British Sprinter Dwain Chambers was suspended in 2003 from competition for two years by the International Association of Athletics Federations (IAAF) after testing positive for the banned steroid THB. Having served his ban, this elite athlete has returned to competition and now has his sights set on competing in the Olympics--the pinnacle of every sports person's career and dream. See the author's related article entitled, 'Dwain Chambers and his Quest for Rehabilitation'. But Chambers faces an uphill task in achieving his dream. Because under the rules of the British Olympic Association (BOA), any athlete who is banned for a doping offence by his/her sports governing body is also banned for life from competing in the Olympics. The only way he can do so is to successfully challenge this ban in the Courts and get it overturned. But this is easier said than done. There are a number of legal hurdles to be overcome.
The General Attitude of the English Courts to Sports Disputes
In England, there is a long established legal tradition that the Courts do not generally intervene in sports disputes. They prefer to leave matters to be settled by the sports bodies themselves, considering them to be in the words of Vice Chancellor Megarry in the case of McInnes v. Onslow-Fane ( 1 WLR 1520, at p 1535) "...... far better fitted to judge than courts." And, Lord Denning MR went further and expressed the point in the following succinct and characteristic way in Enderby Town Football Club Ltd v. Football Association Ltd ( 1 Ch 591, at p 605): "...... justice can often be done in domestic tribunals better by a good layman than a bad lawyer." However, the English Courts will intervene when there has been a breach of the rules of natural justice (Revie v. Football Association, The Times, 19 December 1979) and also in cases of 'restraint of trade', where livelihoods are at stake (Greig v. Insole,  3 All ER 449).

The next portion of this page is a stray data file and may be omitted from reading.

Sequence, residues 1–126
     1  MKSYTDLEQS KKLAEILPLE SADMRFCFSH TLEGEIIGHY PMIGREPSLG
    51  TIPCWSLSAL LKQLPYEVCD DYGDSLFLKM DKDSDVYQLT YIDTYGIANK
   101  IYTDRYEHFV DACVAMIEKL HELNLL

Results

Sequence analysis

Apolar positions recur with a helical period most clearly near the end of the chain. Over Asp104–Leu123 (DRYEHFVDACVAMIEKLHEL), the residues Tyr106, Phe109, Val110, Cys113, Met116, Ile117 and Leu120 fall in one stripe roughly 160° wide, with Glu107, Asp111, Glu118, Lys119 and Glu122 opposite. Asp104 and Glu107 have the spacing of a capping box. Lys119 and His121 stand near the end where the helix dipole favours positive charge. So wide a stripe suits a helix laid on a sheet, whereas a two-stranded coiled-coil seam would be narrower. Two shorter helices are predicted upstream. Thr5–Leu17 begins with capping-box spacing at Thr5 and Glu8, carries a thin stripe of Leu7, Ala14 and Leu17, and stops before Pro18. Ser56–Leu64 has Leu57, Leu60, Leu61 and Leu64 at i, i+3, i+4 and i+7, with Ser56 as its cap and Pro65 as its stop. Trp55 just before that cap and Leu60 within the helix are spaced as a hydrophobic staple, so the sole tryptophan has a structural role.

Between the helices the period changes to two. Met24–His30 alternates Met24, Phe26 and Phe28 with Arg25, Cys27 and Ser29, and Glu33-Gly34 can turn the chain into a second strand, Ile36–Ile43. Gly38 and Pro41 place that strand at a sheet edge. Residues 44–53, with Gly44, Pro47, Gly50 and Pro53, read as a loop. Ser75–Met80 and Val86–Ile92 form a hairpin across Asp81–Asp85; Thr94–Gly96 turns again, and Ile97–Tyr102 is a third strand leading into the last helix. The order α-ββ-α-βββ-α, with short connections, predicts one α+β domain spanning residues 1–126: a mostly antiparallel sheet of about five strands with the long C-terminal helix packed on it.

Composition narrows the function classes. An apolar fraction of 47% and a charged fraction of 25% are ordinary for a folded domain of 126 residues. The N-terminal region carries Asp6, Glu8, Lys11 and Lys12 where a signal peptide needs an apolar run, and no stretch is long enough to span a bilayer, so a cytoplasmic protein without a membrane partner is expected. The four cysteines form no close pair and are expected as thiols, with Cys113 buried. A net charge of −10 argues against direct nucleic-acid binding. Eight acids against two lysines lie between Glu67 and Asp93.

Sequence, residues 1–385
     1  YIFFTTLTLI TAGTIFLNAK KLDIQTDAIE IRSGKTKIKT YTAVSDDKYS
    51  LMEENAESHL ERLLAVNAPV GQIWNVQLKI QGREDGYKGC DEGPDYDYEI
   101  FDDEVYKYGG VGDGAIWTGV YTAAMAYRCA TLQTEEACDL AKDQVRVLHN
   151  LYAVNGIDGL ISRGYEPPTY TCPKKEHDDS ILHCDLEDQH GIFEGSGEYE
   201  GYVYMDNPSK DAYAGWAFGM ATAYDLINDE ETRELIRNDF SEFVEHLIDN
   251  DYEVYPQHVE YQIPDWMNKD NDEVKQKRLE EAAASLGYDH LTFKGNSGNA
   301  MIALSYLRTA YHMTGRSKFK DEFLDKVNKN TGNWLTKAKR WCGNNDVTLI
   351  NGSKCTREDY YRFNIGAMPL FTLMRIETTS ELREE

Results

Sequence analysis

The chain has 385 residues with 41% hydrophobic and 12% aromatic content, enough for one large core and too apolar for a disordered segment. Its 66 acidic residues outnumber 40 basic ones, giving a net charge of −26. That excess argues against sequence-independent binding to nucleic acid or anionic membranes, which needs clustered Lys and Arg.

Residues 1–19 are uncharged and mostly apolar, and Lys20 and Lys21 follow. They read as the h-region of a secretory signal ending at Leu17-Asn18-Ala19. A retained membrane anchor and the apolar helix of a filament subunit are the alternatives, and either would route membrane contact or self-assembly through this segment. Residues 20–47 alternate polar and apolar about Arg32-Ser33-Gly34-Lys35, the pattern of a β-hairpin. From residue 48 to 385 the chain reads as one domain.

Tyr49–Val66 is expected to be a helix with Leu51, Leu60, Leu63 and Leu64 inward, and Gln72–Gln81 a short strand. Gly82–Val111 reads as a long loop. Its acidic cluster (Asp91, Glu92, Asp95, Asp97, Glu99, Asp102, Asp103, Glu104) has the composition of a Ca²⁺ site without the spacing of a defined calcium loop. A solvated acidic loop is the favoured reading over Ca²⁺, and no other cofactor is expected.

Incidentally, a similar situation obtains in the United States (see Harding v United States Figure Skating Association  851 F Supp 1476).
The 'Restraint of Trade' Doctrine
What is meant by a 'restraint of trade'?
A 'restraint of trade' is a restriction that prevents a person from earning his/her living and is generally void. This doctrine in its current form evolved during the late 19th and early 20th centuries when the Courts began to pursue a general policy of enforcing the right of every person to work and offer their services without any restriction.
Lord Macnaghten expressed the doctrine in the case of Nordenfelt v. Maxim Nordenfelt Guns and Amminition Co Ltd ( AC 535, at p 565) in the following terms:
"The public have an interest in every person's carrying on his trade freely: so has the individual. All interference with individual liberty in action in trading, and all restraints in themselves, if there is nothing more, are contrary to public policy, and therefore void. That is the general rule. But there are exceptions; restraints of trade and interference with individual liberty of action may be justified by the special circumstances of a particular case. It is sufficient justification, and indeed, it is the only justification, if the restriction is reasonable ...... reasonable that is, in the interests of the public, so framed and so guarded as to afford adequate protection to the party in whose favour it is imposed, while at the same time it is in no way injurious to the public."
It will be seen from the above judicial statement of the Common Law doctrine of 'restraint of trade' that Chambers will need to satisfy the High Court that the lifetime ban imposed on him by the BOA is unreasonable; does not serve any purpose/interest meriting protection; and is contrary to the public interest.
Examining these elements in turn. For a first doping offence, for which the offender has served his time of two years out of competition, a life time ban prima facie is disproportionate. …